DETROIT — General Motors has put six of its cars under review and is evaluating whether to cancel them in the coming years, according to a report from Reuters.
The news comes as sales of cars continue to plummet in the U.S. and as consumers increasingly turn to SUVs and pickups.
The company is considering plans to eliminate the Chevrolet Volt hybrid, the Buick LaCrosse, Cadillac CT6, Cadillac XTS, Chevrolet Impala and Chevrolet Sonic, according to Reuters.
GM spokesman Jim Cain declined to comment on the report.
UAW President Dennis Williams said Thursday the union is in ongoing discussions with GM, Ford and Fiat Chrysler about falling car sales and how to keep the automaker’s U.S. plants operating at full capacity.
“We are talking to (GM) right now about the products that they currently have” at underused car plants such as Hamtramck in Michigan and Lordstown in Ohio, Williams said.
“We are tracking it (and) we are addressing it,” Williams added.
Earlier this year, GM eliminated a shift at its Lordstown plant where it makes the Chevrolet Cruze.
Over the first six months of this year, industry sales have dropped 6.6% for compact cars, 18.5% for full-size cars and 18.4% for subcompact cars. And those declines are on top of car sales declines that began several years ago even as overall industry sales increased for seven years in a row.
With car sales falling fast, it makes sense for every automaker to review whether it still needs the cars it is producing.
One of the GM’s most vulnerable plants is the Detroit-Hamtramck plant where the company produces the Buick LaCrosse, Chevrolet Impala, Cadillac CT6 and Chevrolet Volt.
The Chevrolet Volt, an extended-range electric sedan introduced in 2010, could be replaced by a crossover, according to Reuters.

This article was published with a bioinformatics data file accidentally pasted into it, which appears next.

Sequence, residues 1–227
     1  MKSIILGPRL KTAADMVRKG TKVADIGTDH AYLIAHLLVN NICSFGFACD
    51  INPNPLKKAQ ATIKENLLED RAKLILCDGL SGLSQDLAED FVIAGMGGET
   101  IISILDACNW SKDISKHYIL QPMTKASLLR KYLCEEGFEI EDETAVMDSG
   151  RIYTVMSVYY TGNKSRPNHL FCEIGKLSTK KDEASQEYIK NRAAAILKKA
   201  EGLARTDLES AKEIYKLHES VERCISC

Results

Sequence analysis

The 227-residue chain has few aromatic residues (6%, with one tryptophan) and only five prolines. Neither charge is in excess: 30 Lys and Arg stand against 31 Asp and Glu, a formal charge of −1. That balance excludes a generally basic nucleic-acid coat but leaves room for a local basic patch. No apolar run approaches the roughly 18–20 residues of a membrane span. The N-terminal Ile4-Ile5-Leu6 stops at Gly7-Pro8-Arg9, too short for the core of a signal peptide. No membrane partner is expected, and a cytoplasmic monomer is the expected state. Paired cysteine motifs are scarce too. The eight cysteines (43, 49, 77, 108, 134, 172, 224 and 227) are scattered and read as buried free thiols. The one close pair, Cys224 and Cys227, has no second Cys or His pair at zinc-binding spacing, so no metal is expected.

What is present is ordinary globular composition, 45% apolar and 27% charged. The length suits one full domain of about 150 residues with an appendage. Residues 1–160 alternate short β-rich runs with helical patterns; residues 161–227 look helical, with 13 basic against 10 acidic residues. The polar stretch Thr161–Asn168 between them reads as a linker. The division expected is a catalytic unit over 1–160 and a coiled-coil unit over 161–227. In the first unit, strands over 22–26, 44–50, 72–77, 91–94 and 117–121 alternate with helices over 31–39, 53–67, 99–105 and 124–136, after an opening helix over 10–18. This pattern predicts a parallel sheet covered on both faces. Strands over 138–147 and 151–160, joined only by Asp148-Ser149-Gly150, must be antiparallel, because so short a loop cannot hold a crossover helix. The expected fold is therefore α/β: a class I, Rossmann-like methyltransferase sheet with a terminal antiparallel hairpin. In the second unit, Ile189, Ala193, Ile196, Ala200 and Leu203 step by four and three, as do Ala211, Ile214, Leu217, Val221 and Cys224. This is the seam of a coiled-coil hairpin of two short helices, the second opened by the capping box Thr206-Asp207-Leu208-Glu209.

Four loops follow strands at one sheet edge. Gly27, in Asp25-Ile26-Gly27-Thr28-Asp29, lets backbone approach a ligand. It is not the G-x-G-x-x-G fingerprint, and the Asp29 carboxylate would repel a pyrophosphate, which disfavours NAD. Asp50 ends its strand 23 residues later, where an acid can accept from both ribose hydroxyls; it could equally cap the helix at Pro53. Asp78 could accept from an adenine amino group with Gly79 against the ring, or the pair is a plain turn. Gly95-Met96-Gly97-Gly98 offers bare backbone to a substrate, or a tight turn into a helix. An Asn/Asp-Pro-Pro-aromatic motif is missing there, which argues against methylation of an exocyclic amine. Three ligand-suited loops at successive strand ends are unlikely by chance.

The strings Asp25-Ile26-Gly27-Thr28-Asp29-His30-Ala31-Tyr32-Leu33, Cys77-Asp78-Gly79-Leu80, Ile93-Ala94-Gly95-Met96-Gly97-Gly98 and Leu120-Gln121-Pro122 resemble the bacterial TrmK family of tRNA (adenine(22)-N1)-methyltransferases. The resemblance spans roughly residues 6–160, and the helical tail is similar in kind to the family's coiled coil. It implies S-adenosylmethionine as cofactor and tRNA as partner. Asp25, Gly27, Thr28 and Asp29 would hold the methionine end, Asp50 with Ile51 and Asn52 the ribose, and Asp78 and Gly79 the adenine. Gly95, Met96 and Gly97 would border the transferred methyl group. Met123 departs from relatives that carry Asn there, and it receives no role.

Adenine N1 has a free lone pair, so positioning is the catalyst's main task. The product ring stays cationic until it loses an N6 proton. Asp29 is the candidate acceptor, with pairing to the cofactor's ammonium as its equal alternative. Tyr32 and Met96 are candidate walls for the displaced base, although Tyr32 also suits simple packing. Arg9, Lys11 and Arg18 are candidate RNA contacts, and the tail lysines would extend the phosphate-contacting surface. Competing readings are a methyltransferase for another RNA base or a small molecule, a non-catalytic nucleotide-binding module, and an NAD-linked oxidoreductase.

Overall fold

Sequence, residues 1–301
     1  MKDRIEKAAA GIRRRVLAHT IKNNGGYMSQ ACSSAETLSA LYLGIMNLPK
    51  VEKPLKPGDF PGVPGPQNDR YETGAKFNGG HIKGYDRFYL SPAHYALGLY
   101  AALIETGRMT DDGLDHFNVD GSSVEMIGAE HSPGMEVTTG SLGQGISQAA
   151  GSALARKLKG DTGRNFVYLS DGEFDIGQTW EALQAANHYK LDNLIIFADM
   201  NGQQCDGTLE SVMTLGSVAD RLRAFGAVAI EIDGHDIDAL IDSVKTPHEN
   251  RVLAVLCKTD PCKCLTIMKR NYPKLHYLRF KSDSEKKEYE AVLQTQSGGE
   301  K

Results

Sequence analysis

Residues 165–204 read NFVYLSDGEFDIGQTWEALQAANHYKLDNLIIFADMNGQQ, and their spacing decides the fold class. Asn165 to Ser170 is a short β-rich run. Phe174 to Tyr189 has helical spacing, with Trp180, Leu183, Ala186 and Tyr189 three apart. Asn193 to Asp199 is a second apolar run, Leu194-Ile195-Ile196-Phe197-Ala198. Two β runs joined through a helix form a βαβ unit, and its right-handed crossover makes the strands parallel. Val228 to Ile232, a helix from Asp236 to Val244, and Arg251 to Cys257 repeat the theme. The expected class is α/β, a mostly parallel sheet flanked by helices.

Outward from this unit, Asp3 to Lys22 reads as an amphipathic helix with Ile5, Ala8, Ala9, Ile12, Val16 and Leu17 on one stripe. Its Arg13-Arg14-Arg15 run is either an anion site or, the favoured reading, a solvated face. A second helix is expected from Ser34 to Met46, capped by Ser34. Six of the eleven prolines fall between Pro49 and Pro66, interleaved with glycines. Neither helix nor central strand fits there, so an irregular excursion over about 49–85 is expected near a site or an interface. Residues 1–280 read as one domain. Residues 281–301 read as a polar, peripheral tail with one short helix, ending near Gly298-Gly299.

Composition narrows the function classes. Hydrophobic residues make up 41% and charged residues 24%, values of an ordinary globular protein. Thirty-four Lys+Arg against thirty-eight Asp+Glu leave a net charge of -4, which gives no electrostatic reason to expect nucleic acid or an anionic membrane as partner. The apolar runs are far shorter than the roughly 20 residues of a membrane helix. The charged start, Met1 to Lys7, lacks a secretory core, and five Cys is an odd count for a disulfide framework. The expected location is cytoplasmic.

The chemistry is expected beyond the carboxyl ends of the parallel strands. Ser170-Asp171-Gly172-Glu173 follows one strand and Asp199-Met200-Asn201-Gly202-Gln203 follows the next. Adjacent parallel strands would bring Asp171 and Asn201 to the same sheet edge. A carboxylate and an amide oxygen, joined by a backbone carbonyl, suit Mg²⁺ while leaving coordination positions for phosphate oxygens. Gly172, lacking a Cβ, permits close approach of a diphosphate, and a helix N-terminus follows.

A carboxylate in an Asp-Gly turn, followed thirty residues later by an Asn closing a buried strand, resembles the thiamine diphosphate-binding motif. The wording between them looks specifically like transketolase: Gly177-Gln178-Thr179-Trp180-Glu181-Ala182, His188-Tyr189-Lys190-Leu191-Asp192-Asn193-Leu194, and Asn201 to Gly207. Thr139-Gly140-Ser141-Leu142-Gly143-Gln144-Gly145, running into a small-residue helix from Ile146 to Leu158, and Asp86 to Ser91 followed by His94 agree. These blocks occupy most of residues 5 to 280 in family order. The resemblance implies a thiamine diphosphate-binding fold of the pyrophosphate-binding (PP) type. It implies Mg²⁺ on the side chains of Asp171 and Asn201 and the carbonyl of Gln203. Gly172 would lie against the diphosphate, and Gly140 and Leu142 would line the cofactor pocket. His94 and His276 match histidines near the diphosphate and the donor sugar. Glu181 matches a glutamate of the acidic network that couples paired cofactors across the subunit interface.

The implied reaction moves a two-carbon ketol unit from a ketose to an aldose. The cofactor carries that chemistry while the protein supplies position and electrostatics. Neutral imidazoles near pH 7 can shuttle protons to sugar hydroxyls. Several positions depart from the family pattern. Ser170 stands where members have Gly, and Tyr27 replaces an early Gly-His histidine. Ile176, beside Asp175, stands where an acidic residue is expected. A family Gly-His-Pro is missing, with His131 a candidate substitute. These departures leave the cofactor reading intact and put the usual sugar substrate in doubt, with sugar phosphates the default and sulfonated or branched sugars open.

Over the first six months of this year, sales have dropped 11.9% for LaCrosse and 66% for the Impala but have increased 11.5% for the Volt and 172% for the CT6.
Industry sales of full-size sedans such as the LaCrosse, Impala and CT6 only accounted for 1.8% of industry sales in June. And Korean automaker Hyundai said earlier this month it would stop making the Azera, its full-size sedan.
However, Cadillac President Johan de Nysschen told Jalopnik late Friday that the CT6 will not be phased out. Introduced in 2015, the CT6 is intended to serve as a flagship for the Cadillac brand.
“There is absolutely, if I could speak all capitals now, they’d be coming out of my mouth,” de Nysschen, company president since July 2014, told Jalopnik. “There is absolutely no plan, at all, to cancel the CT6.”
According to Reuters, GM likely won’t phase out any of the models until 2020. That will put pressure on the UAW in 2019 when it is set to renegotiate its contract with all three Detroit automakers.
But Williams stressed the UAW isn’t waiting until then. The union already is pressuring GM to make its Buick Envision SUV in the U.S. GM began importing the Envision — a new model — into the U.S. from China last year.
“(UAW Vice President) Cindy Estrada is on GM all the time about several vehicles. And she monitors as we monitor the number of vehicles that are sold here,” Williams said. “And when it gets to a point that we think is significant, we are on the companies to start producing them here (in the U.S.)”
Williams also had a warning for any automaker that might consider closing a car plant in the U.S.
“When an employer like GM, Ford or any other employer produces so many vehicles in Mexico and around the world and is bringing them back to the United States for sale, and comes to us with a plant closing, there is going to be a problem with us, without a doubt,” Williams said.
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